Yeah, I would say, in many ways, it seems like it’s going forward. And I do agree with Ramin in the idea that if you are going to implement this, it should be a variety of methods to reduce risk, which would mean showing vaccination perhaps, showing that you have a negative test result if you can’t be vaccinated or you don’t want to be vaccinated. And I do think those options are important, but I actually have to disagree with you a bit where I actually do think we will see pretty strong rollout in the private sector from a variety of different actors. And I think tourism is a really big place there. But what’s going to be really interesting, particularly in the United States, is what differences we’ll see from state to state.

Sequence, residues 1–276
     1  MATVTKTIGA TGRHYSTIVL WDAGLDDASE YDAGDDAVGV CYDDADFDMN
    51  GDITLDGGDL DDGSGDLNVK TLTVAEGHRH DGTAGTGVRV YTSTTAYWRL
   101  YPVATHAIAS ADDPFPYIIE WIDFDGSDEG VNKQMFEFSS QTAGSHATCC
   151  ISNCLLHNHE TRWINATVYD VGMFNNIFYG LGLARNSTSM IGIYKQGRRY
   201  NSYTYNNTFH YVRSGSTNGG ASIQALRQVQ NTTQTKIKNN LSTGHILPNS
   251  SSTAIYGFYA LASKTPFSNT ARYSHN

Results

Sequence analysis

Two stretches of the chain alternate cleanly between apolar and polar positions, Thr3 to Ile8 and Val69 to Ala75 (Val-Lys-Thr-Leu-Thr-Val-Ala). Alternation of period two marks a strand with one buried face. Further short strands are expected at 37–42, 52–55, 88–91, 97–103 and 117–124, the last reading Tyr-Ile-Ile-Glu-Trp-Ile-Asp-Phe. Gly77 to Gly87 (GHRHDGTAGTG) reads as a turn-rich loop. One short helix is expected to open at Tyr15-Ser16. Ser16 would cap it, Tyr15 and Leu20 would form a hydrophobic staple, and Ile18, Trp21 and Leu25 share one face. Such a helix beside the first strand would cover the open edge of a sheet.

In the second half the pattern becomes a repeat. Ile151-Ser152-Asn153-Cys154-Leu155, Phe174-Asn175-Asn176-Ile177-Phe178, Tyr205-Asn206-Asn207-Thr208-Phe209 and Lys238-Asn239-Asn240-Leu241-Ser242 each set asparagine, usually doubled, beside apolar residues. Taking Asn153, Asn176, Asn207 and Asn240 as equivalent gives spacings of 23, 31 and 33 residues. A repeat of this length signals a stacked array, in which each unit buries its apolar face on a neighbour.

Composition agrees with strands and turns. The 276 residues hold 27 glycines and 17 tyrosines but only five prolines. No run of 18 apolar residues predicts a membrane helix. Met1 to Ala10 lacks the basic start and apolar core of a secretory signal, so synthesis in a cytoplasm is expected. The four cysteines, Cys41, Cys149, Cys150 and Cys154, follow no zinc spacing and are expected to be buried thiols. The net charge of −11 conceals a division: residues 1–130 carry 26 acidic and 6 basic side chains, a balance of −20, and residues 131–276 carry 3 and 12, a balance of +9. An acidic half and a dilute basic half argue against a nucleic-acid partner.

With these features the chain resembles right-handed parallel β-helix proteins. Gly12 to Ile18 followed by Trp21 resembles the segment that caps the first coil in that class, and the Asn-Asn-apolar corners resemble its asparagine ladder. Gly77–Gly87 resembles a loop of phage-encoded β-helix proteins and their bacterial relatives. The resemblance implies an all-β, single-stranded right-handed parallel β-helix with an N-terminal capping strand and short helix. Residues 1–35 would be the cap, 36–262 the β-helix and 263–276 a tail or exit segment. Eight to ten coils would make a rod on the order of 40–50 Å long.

Right. I live in Washington, D.C., which is not yet a state. But I can imagine that D.C. has been more cautious. And then there are going to be states like Florida that will be whatever the opposite of more cautious is. And I can easily imagine that difference, but especially if you are a multinational hotel chain or something like that, having different rules for different hotels, that could be a potential challenge.